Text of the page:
Tribute to charity queen
PUBLISHED: 17:53 01 October 2008 | UPDATED: 15:26 25 August 2010
Comment on the life of Ennis Smith, by Mary Barber.
I WAS sorting through a big bag of press cuttings and letters when I received the very sad news that Ennis Smith had died, writes Mary Barber.
What made the news particularly poignant was the papers that surrounded me were a record of her life's work. Several months earlier, during a visit to her home in Crayford, I had offered to help her put them all in order.
Now, as I glanced down, I spotted the headline, 'Lovely Ennis is a friend indeed to those in need'. And that, to me, summed her up perfectly. For over 70 years she raised thousands of pounds for charity, and helped the needy, visited the elderly, sick and lonely. There were countless cuttings of coffee mornings, jumble sales, raffles, day trips and street parties. Some of them I had written myself while working as a reporter then news editor at the Kentish Times. We remained friends after I left to work on the nationals five years ago. She once told me she inherited her devotion to civic duty from her mother who, despite having 18 children, organised community events. As Ennis said: "If we weren't helping each other we were helping others." Her charity work began at the age of seven with a tin foil collection for the Red Cross, and she continued to do good work until shortly before she died at Darent Valley Hospital in Dartford on September 11. Ennis had been planning her annual Christmas parcel appeal for troops serving overseas, which she had organised for many years. Among the many thank you letters I found among her papers, was one from a soldier in Bosnia. He wrote: "Gift packages like this remind us we are not forgotten."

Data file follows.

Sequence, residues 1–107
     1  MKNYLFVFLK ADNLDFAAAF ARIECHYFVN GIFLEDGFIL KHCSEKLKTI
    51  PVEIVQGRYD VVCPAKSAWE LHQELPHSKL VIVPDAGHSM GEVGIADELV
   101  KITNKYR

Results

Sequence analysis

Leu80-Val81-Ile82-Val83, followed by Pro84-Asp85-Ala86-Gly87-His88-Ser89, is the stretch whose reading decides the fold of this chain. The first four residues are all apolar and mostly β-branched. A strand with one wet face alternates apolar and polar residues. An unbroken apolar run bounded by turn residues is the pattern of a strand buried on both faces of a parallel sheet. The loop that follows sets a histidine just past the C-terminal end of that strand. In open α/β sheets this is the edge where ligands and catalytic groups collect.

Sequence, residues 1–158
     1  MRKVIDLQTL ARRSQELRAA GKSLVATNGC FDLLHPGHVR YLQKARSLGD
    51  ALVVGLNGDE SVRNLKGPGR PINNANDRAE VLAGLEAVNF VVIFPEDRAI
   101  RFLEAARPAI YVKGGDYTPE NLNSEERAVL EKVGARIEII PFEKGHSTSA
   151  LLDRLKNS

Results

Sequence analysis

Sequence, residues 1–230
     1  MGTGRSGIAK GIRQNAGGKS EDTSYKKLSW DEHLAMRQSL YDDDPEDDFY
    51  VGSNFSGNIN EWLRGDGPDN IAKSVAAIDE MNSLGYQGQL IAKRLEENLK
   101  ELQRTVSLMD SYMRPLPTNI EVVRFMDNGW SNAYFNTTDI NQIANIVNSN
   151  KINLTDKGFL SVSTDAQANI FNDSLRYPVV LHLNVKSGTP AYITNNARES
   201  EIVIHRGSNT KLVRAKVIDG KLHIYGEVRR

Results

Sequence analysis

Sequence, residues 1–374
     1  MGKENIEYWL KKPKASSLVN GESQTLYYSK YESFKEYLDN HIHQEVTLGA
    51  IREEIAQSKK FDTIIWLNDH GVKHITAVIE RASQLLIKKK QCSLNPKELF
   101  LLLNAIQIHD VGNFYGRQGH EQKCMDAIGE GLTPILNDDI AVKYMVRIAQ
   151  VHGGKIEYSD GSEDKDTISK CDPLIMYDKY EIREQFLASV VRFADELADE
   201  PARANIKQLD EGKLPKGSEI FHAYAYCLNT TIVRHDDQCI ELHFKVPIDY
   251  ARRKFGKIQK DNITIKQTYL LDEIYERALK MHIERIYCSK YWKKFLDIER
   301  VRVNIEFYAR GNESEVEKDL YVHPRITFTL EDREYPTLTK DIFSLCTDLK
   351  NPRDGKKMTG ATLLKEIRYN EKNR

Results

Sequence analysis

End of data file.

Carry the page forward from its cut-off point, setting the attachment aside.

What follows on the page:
She had been a loyal supporter of Britain's armed forces ever since the Second World War when, at just 16, she became the youngest auxiliary ambulance driver in London.
She later became a fundraiser for The Royal Hospital in Chelsea - I joined her on several of her visits to see the Chelsea pensioners - and the Royal Star and Garter Home for disabled ex-service personnel in Richmond.
Ennis had also worked as a Conservative councillor in Bexley, a school governor, a police community group member and a founder member of a mental health charity.
But she will also be remembered for her love of the Royal Family. When I interviewed her after the Queen Mother died in 2002, she told me the Royal Family represented a symbol of stability and unity during the Second World War. A highlight for Ennis was meeting the Queen at a Buckingham Palace Garden party in 2002. Among her papers, I found many thank you letters written on behalf of the Royal Family and other dignitaries, including the former Prime Minister, the late Sir Edward Heath.
In recent years, despite ill health and other set backs, Ennis battled on and she was rewarded for her devoted service to the community with a Civic Award from Bexley council in 2005. She was also nominated for a Woman of the Year award. As I look at her smiling face in the many press cuttings in front of me, it is hard to believe she is no longer with us. But her legacy and spirit will live on forever in all her good works and deeds.
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